Wikileaks, crude remarks on a hot mic, and the second presidential debate

The revelations of condescending e-mail of the Clinton campaign and of crude remarks by Donald Trump, discussing what is a crime if real, have confirmed once again how bad the next four years are likely to be.

Sunday night’s debate gave both candidates the opportunity to dodge a detailed discussion, which comes as no surprise, given the trend in debates over the last several decades.  The key zinger of the evening came when Clinton said that “it’s just awfully good that someone with the temperament of Donald Trump is not in charge of the law in our country.”  Trump’s snap response, “because you’d be in jail,” has drawn fire in the media with comparisons to the behavior of third-world dictators and wanna-bes who threaten their opponents with death or indefinite detention.  Given his loose verbal style and the fact that he did say he’d call for a special prosecutor to investigate her actions with her State Department messages, it’s once again hard to know exactly what he meant.  His willingness to dance on the edge of tactics expected in a banana republic, though, makes the idea of a Trump presidency something I don’t want to contemplate.

To many, this implies that I must support Clinton.  But that would be a false dichotomy.  Yes, the common perception is that elections are binary choices, and that perception, the claim that we must choose the lesser of two evils has brought us to 2016 and the candidates offered to us by the Republicans and Democrats.

The aforementioned email just released by Wikileaks illustrates the problems that many of us have with the Democratic nominee.  In one exchange between Bill Ivey, an adviser to the Clinton campaign, and John Podesta, the latter Clinton’s campaign chair, Ivey observes that we live in a culture that has accepted celebrity politics, noting how Trump is a star of reality television, while Clinton is “not an entertainer.”  Ivey goes on to say that “we’ve all been quite content to demean government, drop civics and in general conspire to produce an unaware and compliant citizenry.”  From the context, it seems that the “we” in that means political insiders, and if so, this is yet another illustration of the smugness that permeates the leadership of one of our two major parties.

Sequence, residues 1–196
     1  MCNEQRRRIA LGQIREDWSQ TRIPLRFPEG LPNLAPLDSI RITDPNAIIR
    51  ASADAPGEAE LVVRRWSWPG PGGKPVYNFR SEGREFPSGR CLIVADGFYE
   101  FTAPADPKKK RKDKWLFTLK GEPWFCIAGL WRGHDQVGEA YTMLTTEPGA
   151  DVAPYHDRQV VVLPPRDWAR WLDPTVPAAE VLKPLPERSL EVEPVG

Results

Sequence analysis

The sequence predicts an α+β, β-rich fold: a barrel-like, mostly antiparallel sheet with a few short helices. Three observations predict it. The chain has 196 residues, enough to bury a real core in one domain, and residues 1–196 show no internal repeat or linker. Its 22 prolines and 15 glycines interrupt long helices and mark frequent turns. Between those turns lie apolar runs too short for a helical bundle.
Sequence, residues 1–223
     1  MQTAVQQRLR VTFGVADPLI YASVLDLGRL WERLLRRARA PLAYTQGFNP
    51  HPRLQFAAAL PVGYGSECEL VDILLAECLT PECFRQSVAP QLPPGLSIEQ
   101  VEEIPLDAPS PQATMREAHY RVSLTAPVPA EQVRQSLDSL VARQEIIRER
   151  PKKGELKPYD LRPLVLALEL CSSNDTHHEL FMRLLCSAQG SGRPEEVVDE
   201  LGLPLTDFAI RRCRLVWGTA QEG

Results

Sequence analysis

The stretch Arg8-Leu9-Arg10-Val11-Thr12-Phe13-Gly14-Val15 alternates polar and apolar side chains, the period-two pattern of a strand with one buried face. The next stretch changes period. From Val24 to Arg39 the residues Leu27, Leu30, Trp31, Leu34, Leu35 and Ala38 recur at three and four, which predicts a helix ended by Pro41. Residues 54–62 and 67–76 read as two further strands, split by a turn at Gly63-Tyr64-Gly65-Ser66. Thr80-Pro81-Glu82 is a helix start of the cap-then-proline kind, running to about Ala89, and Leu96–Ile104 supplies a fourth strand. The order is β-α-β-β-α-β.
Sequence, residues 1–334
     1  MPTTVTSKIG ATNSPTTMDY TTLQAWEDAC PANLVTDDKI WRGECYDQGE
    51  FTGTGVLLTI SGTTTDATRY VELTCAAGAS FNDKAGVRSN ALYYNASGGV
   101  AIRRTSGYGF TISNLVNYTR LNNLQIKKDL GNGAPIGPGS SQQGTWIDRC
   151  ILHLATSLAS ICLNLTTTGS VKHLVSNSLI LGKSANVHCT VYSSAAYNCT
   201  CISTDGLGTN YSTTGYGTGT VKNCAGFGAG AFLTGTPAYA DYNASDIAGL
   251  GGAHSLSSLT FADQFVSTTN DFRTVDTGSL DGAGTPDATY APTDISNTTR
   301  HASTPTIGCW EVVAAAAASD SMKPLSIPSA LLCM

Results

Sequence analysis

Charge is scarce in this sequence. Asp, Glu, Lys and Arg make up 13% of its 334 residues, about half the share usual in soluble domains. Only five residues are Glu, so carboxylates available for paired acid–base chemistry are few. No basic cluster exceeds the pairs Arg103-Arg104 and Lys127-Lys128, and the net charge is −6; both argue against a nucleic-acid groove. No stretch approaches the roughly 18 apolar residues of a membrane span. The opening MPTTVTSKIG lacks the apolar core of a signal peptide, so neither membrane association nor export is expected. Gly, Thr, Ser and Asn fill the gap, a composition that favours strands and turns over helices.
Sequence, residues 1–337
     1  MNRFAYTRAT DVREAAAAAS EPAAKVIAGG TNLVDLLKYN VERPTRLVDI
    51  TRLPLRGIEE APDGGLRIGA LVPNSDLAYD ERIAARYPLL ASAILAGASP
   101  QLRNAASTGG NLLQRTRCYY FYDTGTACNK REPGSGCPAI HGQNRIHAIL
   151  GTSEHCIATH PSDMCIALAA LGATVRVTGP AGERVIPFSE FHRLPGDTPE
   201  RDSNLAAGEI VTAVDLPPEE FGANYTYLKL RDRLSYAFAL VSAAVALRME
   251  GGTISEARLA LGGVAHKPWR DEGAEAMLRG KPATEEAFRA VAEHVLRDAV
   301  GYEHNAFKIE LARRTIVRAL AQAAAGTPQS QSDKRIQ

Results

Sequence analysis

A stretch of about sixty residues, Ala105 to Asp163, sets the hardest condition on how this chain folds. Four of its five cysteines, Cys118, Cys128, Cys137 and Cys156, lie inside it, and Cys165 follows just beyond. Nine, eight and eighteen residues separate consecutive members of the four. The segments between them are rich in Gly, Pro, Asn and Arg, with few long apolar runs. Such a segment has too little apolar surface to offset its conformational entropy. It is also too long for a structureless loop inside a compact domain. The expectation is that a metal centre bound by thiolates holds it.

But it gets worse.  The speeches that Clinton has given to the financial people of Wall Street and that she worked hard to keep secret are coming out.  Though she tried to deflect questions by saying her comments were movie criticism, citing the recent movie about Lincoln and the passage of the Thirteenth Amendment, in fact, she has a public position that she gives when the news is paying attention or when she’s trying to win over the supporters of Bernie Sanders and another that she shares with her donors.  Claiming that she remembers what it was like before she and her husband became rich, she said that there is an anxiety among ordinary Americans who feel that the game is rigged against them, and this causes them to have a bias against wealthy people.  She went on to complain about rules that require bankers to avoid conflicts of interest and spoke about her desire to see a western hemispheric common market with open borders.

Regardless of the views that any of us might take to these private positions, it’s clear that they run counter to what she says in public.  And so we’re left with two bad major party candidates and the practical reality that while there are alternatives, the truth is that Jill Stein and Gary Johnson aren’t going to win.  For the moment, the voters will continue supporting Democrats or Republicans.

What do we do?  We’ll only get better candidates when we force the parties to give them to us or we run ourselves.  That means taking the time to get involved on the local level in the party operations.  It means voting in primaries.  It means using our rights to speak and assemble and petition – read harass – our government.  In one sense, Bill Ivey was right.  Passive voters have let 2016 happen, and it’ll only be when all of us stop tolerating party insiders giving us bad candidates that we’ll have the government that we want.

We always receive the government that we deserve, and it’s time to deserve better.

The views and opinions expressed in this post are those of the author’s and do not necessarily reflect the position of

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